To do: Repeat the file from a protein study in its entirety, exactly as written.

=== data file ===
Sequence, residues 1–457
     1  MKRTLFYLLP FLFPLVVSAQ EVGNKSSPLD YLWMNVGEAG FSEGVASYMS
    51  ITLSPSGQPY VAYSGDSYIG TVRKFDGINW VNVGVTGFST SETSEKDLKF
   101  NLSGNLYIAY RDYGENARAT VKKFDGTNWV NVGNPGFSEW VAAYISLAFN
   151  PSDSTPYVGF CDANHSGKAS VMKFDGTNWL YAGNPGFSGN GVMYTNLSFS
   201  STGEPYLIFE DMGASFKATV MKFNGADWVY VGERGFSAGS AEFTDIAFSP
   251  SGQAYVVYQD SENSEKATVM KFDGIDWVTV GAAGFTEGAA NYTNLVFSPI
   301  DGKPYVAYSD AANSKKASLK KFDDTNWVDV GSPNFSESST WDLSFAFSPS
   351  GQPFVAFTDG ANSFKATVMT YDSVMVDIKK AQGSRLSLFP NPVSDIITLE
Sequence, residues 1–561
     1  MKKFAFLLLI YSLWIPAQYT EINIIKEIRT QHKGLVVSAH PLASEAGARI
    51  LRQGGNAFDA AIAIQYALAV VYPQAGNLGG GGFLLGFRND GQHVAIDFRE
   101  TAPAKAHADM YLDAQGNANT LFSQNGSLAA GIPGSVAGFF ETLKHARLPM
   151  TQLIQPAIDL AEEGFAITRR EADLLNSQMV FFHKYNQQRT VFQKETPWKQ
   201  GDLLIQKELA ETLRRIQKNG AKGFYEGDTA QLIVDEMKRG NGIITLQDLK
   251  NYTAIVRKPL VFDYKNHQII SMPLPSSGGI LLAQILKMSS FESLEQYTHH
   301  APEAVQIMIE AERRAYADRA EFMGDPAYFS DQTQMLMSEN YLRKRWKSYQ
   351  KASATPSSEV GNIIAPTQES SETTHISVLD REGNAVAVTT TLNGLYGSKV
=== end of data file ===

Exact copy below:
Sequence, residues 1–457
     1  MKRTLFYLLP FLFPLVVSAQ EVGNKSSPLD YLWMNVGEAG FSEGVASYMS
    51  ITLSPSGQPY VAYSGDSYIG TVRKFDGINW VNVGVTGFST SETSEKDLKF
   101  NLSGNLYIAY RDYGENARAT VKKFDGTNWV NVGNPGFSEW VAAYISLAFN
   151  PSDSTPYVGF CDANHSGKAS VMKFDGTNWL YAGNPGFSGN GVMYTNLSFS
   201  STGEPYLIFE DMGASFKATV MKFNGADWVY VGERGFSAGS AEFTDIAFSP
   251  SGQAYVVYQD SENSEKATVM KFDGIDWVTV GAAGFTEGAA NYTNLVFSPI
   301  DGKPYVAYSD AANSKKASLK KFDDTNWVDV GSPNFSESST WDLSFAFSPS
   351  GQPFVAFTDG ANSFKATVMT YDSVMVDIKK AQGSRLSLFP NPVSDIITLE
Sequence, residues 1–561
     1  MKKFAFLLLI YSLWIPAQYT EINIIKEIRT QHKGLVVSAH PLASEAGARI
    51  LRQGGNAFDA AIAIQYALAV VYPQAGNLGG GGFLLGFRND GQHVAIDFRE
   101  TAPAKAHADM YLDAQGNANT LFSQNGSLAA GIPGSVAGFF ETLKHARLPM
   151  TQLIQPAIDL AEEGFAITRR EADLLNSQMV FFHKYNQQRT VFQKETPWKQ
   201  GDLLIQKELA ETLRRIQKNG AKGFYEGDTA QLIVDEMKRG NGIITLQDLK
   251  NYTAIVRKPL VFDYKNHQII SMPLPSSGGI LLAQILKMSS FESLEQYTHH
   301  APEAVQIMIE AERRAYADRA EFMGDPAYFS DQTQMLMSEN YLRKRWKSYQ
   351  KASATPSSEV GNIIAPTQES SETTHISVLD REGNAVAVTT TLNGLYGSKV